Apple’s soon-to-be iPhone rivals sound just like iPod rivals circa 2001 – February 01, 2007
O2, Vodafone, Orange, T-Mobile battle for exclusive rights to Apple iPhone in UK – January 26, 2007
Rogers to offer Apple iPhone exclusively in Canada – January 25, 2007
FUD Alert: Apple iPhone ‘isn’t very practical’ and a ‘security risk’ for business – January 24, 2007
Research in Motion downgraded due to Apple iPhone competition – January 23, 2007
Microsoft CEO Ballmer laughs at Apple iPhone – January 17, 2007
RealMoney: Apple just blew up the whole damn mobile-phone supply chain with its new iPhone – January 11, 2007
The massive FUD campaign against Apple’s iPhone ramps up – January 10, 2007
eWeek: Apple iPhone fallout: ‘They must be crying in Nokia-ville and other telephony towns today’ – January 10, 2007
Jefferies downgrades Motorola on fears of market share loss to Apple iPhone – January 10, 2007
The massive FUD campaign against Apple’s iPhone ramps up – January 10, 2007
Time: ‘iPhone could crush cell phone market pitilessly beneath the weight of its own superiority’ – January 09, 2007
Analyst: Apple iPhone should be given its own category – ‘brilliantphone’ – January 09, 2007
Apple debuts iPhone: touchscreen mobile phone + widescreen iPod + Internet communicator – January 09, 2007


  1. This is too funny…

    The future of communication devices is totally dependent on software and Apple makes great software. All these other hardware guys are not in the same league. Are they betting on Microsoft for great software? Good luck with that!

  2. Many people (business executives or otherwise) continue to think that design is simply how something looks. A consumer product with great design will probably look good, but great design is really all about how it works, making it truly functional with an ease of use that often surprises.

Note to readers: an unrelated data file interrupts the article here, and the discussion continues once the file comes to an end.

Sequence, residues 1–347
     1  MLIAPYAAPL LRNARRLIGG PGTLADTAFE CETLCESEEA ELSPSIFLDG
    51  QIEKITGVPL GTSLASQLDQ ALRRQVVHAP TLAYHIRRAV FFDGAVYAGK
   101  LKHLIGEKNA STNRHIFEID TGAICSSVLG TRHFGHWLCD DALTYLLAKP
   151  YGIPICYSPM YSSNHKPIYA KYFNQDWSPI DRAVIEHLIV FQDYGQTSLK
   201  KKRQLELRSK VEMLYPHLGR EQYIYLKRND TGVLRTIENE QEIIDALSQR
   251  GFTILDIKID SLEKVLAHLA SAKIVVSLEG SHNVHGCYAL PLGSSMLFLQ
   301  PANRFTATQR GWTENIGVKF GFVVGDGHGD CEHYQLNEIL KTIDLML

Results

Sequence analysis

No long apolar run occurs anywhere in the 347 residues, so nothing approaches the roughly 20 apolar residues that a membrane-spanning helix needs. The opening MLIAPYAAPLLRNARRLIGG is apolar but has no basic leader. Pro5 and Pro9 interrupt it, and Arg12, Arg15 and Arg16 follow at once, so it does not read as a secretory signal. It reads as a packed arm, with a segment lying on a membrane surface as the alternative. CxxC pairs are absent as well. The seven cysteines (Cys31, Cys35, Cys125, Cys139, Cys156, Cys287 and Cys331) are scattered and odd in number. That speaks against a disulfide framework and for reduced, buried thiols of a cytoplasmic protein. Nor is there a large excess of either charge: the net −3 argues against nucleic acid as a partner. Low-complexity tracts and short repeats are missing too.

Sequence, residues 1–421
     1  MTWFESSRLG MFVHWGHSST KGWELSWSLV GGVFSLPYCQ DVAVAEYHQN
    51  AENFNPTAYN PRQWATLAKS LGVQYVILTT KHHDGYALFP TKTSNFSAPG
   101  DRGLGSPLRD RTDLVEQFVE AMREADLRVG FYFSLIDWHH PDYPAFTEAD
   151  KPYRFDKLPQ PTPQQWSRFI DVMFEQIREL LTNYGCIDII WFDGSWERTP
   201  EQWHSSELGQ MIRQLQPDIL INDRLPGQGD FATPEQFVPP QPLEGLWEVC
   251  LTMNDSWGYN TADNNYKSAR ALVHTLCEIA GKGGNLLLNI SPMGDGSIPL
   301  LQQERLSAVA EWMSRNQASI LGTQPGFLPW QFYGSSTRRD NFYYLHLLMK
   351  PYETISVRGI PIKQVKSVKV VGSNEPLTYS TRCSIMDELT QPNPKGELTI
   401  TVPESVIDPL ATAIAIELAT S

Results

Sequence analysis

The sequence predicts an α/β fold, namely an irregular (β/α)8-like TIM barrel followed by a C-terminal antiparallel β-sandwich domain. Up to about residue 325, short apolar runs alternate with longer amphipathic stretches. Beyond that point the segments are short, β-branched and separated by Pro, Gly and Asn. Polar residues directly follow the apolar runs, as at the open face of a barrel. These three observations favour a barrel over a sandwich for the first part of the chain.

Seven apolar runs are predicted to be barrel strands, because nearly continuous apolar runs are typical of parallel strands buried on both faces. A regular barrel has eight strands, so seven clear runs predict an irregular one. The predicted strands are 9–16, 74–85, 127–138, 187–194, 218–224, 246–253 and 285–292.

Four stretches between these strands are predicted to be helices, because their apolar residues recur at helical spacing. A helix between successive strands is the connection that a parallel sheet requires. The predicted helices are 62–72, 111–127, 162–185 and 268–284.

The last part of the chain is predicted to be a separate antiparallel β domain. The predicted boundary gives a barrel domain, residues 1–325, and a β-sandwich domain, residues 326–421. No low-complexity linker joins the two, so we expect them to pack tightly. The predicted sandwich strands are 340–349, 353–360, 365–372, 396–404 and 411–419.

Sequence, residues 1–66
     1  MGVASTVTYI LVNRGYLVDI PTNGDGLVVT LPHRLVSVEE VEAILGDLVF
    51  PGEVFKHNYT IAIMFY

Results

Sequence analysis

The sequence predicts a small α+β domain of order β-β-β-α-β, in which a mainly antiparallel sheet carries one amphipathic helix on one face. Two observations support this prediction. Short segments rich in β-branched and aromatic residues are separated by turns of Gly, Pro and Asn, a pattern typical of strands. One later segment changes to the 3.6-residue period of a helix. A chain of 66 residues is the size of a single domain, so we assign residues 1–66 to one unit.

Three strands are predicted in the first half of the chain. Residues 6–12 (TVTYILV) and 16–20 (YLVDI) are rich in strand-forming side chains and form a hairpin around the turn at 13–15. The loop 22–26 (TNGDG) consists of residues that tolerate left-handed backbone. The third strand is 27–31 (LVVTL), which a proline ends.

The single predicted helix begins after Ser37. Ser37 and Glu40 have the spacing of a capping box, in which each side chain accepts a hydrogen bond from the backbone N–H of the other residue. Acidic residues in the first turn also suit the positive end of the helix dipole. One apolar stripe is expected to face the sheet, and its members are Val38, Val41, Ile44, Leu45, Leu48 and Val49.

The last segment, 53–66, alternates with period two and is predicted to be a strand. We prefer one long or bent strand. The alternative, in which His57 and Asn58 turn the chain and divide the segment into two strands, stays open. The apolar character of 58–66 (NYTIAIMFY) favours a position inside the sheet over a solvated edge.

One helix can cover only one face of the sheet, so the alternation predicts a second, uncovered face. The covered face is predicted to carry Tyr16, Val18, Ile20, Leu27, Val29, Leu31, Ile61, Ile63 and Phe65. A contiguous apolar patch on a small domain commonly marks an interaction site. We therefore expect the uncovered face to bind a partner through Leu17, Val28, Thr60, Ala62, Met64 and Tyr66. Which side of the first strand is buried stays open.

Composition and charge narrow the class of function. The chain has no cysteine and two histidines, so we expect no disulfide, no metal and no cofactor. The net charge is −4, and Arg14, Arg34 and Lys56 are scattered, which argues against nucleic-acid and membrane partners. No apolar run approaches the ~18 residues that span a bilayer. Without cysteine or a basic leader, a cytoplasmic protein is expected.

3. I just saw this article on BBC’s web site:

    It is all about the 3GSM in Barcelona but is entitled “Everything but the iPhone” — discussing the long shadow the mysterious device is casting on the show, even though it’s not even there! And the only photo in the article is of Steve at MacWorld in front of the enormous screen image of the iPhone. For once, it’s props to the Beeb!

  4. continue to focus on ease of use and reliability rather than design

    This is the problem. They think these are different things. How do you get ease of use without design ?

    (independetly saying the same as NewsReader above).

  5. Goodness from the BBC,

    thanks for the link; it was an interesting read, but the writer doesn’t really contradict any of the companies’ false claims. True to the BBC standards of tech. journalism, that’s probably a matter of sheer ignorance.

    E.g. It’s not the touch screen that’s original on the iPhone, but the ‘multi-touch’ screen, and THAT is covered by patents as are all the other true innovations.

    That’s why the iPhone is so conpicuous by its absence at Barcelona.

  6. will continue to focus on ease of use ??

    When did they start? I think they need glasses. Apart from the cool design, which may not be a buying factor for some, the fact that you have a REAL and FULL operating system by the same company who makes the hardware (a softeware making computer company), is totally lost on them.

    Or maybe its not and hence the ….Fear Factor!!!!!

  7. It’s called making a virtue of necessity. They can’t follow, so they claim not following Apple is a virtue. If you have Windows Mobile or Sybian, you just can’t access the rich resource available to OS X. If you do not have the patents, including those for multi-touch, then you tout the inferior crap that you do have.

    It sucks to not be Apple.

    MW: learned, as in, “The competion has learned that they are screwed.”